“Arlo's first camera without a hub is more affordable, but is it worth it?”
- Color night vision
- Inexpensive monthly subscription
- Glitchy app
- Blurry faces in video
- Poor battery performance
Thewas created to be the answer to crappy security cameras that can’t “see” clearly in the dark. To achieve this, Arlo added a spotlight and color night vision to the Essential. Since nighttime is prime time when it comes to security filming, this was a bright idea that we’re surprised more outdoor video security cameras don’t focus on. It’s also the company’s first hub-free camera, which is especially handy for those who don’t have the extra Ethernet ports on their routers. Did Arlo’s hub-less, night vision focused camera come out a winner? Here’s what I found.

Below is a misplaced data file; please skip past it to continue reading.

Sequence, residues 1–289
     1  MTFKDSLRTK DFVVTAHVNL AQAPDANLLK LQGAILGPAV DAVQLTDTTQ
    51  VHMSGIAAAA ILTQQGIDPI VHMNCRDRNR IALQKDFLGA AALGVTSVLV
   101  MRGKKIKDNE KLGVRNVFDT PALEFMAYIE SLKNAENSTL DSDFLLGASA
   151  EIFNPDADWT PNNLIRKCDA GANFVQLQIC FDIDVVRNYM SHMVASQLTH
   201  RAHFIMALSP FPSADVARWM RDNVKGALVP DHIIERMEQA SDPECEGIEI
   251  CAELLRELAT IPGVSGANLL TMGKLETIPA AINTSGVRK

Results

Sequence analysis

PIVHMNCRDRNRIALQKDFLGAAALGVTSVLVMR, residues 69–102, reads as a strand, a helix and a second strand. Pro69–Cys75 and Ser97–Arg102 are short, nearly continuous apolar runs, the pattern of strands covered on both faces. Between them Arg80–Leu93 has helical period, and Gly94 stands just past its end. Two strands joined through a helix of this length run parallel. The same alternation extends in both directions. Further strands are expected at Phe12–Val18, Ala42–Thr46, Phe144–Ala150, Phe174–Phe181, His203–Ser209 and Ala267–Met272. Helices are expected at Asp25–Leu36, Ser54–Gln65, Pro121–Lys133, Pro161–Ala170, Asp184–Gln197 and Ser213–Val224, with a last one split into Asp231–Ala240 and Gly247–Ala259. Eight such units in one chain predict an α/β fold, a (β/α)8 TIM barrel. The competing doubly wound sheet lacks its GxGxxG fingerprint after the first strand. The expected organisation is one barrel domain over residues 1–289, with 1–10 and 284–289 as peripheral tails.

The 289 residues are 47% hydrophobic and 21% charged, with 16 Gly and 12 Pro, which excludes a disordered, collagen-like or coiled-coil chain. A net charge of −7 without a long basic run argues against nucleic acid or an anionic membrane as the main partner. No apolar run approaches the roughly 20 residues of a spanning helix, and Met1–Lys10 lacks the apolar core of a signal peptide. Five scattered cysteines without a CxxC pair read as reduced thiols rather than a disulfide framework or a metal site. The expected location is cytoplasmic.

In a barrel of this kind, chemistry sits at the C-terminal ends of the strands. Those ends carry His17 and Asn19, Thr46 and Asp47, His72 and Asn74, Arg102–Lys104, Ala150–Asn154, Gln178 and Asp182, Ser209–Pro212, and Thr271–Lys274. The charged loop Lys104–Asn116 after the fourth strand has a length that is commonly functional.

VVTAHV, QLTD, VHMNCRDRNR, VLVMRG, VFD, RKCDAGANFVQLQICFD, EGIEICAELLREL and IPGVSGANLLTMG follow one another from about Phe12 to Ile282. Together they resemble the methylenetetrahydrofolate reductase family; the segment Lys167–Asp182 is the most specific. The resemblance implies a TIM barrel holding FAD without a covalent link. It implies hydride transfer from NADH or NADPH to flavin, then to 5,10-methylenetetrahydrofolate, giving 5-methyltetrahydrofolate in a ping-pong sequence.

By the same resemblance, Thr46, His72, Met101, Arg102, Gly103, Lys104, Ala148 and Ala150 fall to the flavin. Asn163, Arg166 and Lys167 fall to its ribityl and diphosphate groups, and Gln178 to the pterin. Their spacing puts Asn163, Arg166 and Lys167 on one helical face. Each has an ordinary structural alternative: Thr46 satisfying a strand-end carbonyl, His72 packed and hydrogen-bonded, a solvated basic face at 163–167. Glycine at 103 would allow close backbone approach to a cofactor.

Since the Arlo Essential is a wireless camera, installation is quick and can be done even by the least mechanically gifted person. The app guides you through the setup step by step. You just attach the base to wherever you want to put the camera with three screws. Twist the camera onto the base and you’re done. It took no more than 10 minutes. Since there is no hub to connect to, you get to skip that step altogether, which streamlines things a bit.
The camera records in 1080p resolution and has a field of view of 130 degrees. This is a step down from the Arlo Pro 3, one of our favorite outdoor security cameras, which captures 2K video (to a max resolution of 2,560 × 1,440); and the field of view (how much the lens can “see”) is quite a bit wider at 160 degrees.